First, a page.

I don`t know why Care Cure dosen`t send me emails in threads where i have writed.
                      Playwood works ok and is very cheap and light enough, polycarbonate will be more expensive and heavy for the thickness you will need.
                      So go for playwood, the thickness will depends about your weight and the seat width,and of course the quality of the playwood, because not all are the same, a good playwood for a guy with 80 kilos in a 16" seat width will be ok with .5" thickness

                      Comment


                      • Re-attaching ADI Seat base trim

                        I've revived this thread because it has a wealth of information about carbon fiber seat bases.

                        It is about 1 year after receiving the ADI seat base, and overall we are very happy with it and it is holding up well. Unfortunately, it is just out of warranty and I noticed that the trim has come loose on one side of the seat base and want to make a repair.

                        I?m not really sure if this is just a matter of trying to separate the trim and reattach it, or if I should also be using some type of adhesive, and if so, what type. I also wonder if I should heat the trim to make it more pliable.


                        Based on a previous post #124 , JeffH recommended automotive weatherstrip adhesive or perhaps silicone.

                        I?m going to write to ADI and see what they suggest, and will update this with what I learn. If you click on this photo you can see a larger version where you can really see the honeycomb panel. Luckily, it does not look like any of the carbon fiber laminate has been damaged.


                        Partner of an incredible stroke survivor. Limitations: hemiparesis and neglect (functional paralysis and complete lack of awareness on one side). Equipment: TiLite ZRA 2 and 2GX, Spinergy ZX-1, RioMobility Firefly. Knowledge: relative newbie for high-level equipment (2012), but willing to try to help others who are new with similar limitations (definitely not a guru, but inquisitive).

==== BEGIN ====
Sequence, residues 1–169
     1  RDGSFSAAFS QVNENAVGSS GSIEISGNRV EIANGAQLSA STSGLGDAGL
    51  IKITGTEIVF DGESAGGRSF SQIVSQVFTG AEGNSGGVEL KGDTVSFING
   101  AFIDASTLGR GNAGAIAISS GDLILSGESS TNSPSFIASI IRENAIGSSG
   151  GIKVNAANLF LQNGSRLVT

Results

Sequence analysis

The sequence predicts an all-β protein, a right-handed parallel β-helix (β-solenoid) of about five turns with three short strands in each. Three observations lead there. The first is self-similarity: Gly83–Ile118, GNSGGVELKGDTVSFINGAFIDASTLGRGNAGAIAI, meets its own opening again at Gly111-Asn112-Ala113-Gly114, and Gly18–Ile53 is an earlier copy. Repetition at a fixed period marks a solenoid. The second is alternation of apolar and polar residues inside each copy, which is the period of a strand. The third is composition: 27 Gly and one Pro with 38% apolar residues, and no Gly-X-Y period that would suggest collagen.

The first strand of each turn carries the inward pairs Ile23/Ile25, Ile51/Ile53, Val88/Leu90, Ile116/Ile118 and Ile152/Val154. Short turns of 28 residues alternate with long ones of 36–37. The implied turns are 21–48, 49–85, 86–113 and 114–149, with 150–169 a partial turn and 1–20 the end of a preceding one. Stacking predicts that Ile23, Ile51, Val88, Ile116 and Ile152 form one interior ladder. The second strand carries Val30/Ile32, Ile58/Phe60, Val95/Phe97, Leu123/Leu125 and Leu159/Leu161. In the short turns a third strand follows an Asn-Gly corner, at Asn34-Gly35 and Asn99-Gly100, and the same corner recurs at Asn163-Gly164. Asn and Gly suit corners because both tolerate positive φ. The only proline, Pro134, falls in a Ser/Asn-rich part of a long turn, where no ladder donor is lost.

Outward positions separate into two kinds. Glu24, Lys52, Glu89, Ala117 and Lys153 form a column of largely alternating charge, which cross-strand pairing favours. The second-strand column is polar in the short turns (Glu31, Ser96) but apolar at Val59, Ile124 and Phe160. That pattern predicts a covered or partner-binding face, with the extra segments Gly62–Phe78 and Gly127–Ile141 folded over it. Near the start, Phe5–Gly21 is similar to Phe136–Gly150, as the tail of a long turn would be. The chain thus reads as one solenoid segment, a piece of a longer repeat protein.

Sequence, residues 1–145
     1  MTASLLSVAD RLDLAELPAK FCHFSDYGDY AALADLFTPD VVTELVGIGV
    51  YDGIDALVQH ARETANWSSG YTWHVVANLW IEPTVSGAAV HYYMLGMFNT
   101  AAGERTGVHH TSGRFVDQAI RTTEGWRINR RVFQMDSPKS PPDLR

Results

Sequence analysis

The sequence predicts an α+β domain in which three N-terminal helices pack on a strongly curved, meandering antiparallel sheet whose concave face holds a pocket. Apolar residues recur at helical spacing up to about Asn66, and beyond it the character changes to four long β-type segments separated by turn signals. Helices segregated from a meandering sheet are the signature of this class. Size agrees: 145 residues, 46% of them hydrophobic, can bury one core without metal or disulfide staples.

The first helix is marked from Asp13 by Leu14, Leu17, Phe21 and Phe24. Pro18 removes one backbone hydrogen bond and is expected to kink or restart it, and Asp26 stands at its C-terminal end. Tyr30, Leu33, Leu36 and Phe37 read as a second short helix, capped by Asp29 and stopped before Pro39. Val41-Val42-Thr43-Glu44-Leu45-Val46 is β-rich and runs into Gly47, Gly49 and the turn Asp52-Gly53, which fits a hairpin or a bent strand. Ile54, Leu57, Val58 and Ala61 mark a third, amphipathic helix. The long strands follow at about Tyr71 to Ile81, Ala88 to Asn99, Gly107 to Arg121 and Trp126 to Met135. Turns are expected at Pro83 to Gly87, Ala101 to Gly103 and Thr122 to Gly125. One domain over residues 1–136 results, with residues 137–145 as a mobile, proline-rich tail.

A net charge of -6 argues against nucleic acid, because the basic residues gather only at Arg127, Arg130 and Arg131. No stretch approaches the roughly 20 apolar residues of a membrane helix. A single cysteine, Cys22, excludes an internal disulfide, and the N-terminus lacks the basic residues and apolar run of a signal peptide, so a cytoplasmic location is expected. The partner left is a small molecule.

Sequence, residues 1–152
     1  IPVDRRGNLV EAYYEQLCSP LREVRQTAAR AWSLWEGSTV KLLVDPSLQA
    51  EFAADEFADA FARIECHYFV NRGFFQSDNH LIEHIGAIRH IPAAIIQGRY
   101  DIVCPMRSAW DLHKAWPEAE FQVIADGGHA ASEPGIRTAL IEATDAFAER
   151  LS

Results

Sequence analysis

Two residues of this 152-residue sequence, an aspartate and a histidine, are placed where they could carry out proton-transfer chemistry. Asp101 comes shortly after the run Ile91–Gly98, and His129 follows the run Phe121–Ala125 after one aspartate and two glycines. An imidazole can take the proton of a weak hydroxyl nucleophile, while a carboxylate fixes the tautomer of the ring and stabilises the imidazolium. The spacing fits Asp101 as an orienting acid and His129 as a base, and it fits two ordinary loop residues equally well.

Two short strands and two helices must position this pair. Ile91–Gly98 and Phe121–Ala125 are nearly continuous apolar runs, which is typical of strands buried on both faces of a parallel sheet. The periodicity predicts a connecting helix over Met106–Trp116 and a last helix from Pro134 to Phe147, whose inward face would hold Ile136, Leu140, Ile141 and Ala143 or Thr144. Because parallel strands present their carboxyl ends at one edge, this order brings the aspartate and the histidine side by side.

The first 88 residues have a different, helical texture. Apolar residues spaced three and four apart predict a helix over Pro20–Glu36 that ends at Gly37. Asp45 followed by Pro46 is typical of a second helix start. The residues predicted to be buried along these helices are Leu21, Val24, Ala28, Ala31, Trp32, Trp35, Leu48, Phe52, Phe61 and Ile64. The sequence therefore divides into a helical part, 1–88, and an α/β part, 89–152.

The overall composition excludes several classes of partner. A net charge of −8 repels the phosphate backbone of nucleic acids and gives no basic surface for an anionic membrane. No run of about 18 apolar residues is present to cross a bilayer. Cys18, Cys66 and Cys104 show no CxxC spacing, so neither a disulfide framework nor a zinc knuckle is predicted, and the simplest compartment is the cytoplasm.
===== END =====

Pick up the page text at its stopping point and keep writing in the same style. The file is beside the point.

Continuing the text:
Comment


                        • I realized that I never updated this post with photo's of what we did with using Velcro to mount an ADI seat base. We also have ADI hardware, but we never drilled holes to screw it into the base. After one year, we are very happy with the setup and can easily take out seat base with folding side guards for maintenance or traveling.
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                          Partner of an incredible stroke survivor. Limitations: hemiparesis and neglect (functional paralysis and complete lack of awareness on one side). Equipment: TiLite ZRA 2 and 2GX, Spinergy ZX-1, RioMobility Firefly. Knowledge: relative newbie for high-level equipment (2012), but willing to try to help others who are new with similar limitations (definitely not a guru, but inquisitive).

                          Comment